It’s Time to get Serious About Developing Mobile Business Apps for iPad

If you haven’t considered building mobile business apps for the iPad, it’s time to get started. Apple is in the midst of a serious push to make the iPad a popular business tool, and initial results show it will probably succeed. If Apple is successful, enterprises bringing iPads into their businesses will need mobile apps to enhance workflows and mobilize their workforce. Developers will need to create custom mobile applications with mobile forms built for touch input.

So concludes a recent article in the Wall Street Journal. The Journal reports that Apple has launched a project called the mobility partnership program, or MPP, to make sure that the iPad gets used in companies ranging from small businesses to enterprises. As part of MPP Apple is working with more than 40 technology companies to help make the iPad more appealing as a work tool.

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This comes on the heels of a big-time partnership between Apple and IBM designed to move iOS into the enterprise. A web site about the partnership says that the partnership “is delivering a new generation of mobile apps called IBM MobileFirst for iOS that connect users to big data and analytics right on their iOS devices.”

A bright business future for the iPad?

A big reason for the Apple push is that iPad sales have been languishing among consumers. The Journal reports that iPad sales have fallen for the past six consecutive quarters, and that iPad revenue has declined 24% for the most recent quarter compared to a year previous. Apple sees a way to reverse that --- get businesses to use iPads. There’s evidence it’s working, and it’s not just iPads that are making their way into businesses. Forrester Research says that 20% of tablets across the world in 2018 will be used by businesses, compared to only 12% today. If businesses are demanding them yet, they will start asking soon for mobile business apps for tablets.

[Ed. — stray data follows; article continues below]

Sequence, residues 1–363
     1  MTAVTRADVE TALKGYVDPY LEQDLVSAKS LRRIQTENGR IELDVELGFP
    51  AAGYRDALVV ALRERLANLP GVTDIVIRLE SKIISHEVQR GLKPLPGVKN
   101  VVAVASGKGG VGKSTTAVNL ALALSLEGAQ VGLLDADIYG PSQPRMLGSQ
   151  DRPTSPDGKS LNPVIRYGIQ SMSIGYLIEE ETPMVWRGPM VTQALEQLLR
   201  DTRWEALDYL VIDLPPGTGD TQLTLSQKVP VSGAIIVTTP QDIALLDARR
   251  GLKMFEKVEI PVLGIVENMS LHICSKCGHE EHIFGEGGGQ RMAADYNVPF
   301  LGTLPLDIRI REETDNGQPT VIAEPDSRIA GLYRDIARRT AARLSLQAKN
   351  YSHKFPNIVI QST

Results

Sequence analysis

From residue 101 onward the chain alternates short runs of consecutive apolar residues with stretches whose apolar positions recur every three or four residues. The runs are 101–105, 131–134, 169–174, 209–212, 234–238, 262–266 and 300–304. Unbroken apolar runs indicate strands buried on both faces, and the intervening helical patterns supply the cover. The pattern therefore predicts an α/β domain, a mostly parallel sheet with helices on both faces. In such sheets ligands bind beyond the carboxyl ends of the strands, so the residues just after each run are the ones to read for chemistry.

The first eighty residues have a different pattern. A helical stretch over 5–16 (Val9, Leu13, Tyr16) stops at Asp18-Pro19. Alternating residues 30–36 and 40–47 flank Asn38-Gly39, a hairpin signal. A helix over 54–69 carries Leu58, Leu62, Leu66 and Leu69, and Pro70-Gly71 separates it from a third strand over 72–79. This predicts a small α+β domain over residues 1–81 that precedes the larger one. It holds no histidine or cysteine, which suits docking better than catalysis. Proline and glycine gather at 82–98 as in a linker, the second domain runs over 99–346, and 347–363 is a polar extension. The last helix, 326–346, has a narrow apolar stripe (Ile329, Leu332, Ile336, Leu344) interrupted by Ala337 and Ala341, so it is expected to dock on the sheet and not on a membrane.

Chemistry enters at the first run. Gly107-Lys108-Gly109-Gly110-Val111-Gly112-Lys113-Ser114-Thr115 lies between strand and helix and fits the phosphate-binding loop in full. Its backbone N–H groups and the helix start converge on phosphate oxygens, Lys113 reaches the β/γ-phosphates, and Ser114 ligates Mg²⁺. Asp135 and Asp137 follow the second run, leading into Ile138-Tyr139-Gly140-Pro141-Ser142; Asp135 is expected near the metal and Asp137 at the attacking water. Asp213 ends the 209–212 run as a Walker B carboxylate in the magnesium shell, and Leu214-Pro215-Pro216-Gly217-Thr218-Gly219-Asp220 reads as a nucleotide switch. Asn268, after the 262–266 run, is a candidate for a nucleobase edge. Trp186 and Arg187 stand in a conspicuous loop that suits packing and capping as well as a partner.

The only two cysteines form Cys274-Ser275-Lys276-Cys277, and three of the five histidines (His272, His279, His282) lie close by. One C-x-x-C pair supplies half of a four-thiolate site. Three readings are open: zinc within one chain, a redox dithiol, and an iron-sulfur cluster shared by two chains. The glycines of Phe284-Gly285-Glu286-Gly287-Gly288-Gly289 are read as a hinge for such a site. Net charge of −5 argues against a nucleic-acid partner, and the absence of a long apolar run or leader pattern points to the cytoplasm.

Apple’s long-term plan for iPads and business, in the words of the Journal writer, are “to sell bundles of applications tailored to industry or business functions, such as retailers or account services…Apple has also discussed tapping mobile-phone carriers including AT&T Inc. and Verizon Communications Inc. to help sell Apple devices to businesses.”

Dan Bricklin

CTO Dan Bricklin

The upshot? The iPad is heading towards enterprises and small businesses. And that means an increased demand for iOS-based business apps, especially forms-based ones. Your problem is you likely don’t have iOS expertise yourself or on-staff, and hiring iOS developers and contractors is expensive. That’s where Alpha Anywhere comes in. Not only does Alpha Anywhere make it simple to write mobile apps for tablets, including iPads and Android ones, but it’s been beefed up with tools to build tablet-optimized forms. In a detailed article on, Alpha Software CTO Dan Bricklin, discusses ways in which mobile devices, like the iPad, can help help business improve their internal processes. He details his perspective on the business use of tablets and what led Alpha Software's engineering team to rethink business apps - specifically tablet-optimized forms - amid the growing use of tablets in businesses.
To get more information about Alpha Anywhere’s tablet-based forms capabilities, click here.

To read Alpha CTO Dan Bricklin’s incisive article that describes how Alpha Software has rethought forms in the age of tablets, click here.
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About Author

Amy Groden-Morrison
Amy Groden-Morrison

Amy Groden-Morrison has served more than 15 years in marketing communications leadership roles at companies such as TIBCO Software, RSA Security and Ziff-Davis. Most recently she was responsible for developing marketing programs that helped achieve 30%+ annual growth rate for analytics products at a $1Bil, NASDAQ-listed business integration Software Company. Her past accomplishments include establishing the first co-branded technology program with CNN, launching an events company on the NYSE, rebranding a NASDAQ-listed company amid a crisis, and positioning and marketing a Boston-area startup for successful acquisition. Amy currently serves as a Healthbox Accelerator Program Mentor, Marketing Committee Lead for the MIT Enterprise Forum of Cambridge Launch Smart Clinics, and on the organizing team for Boston TechJam. She holds an MBA from Northeastern University.

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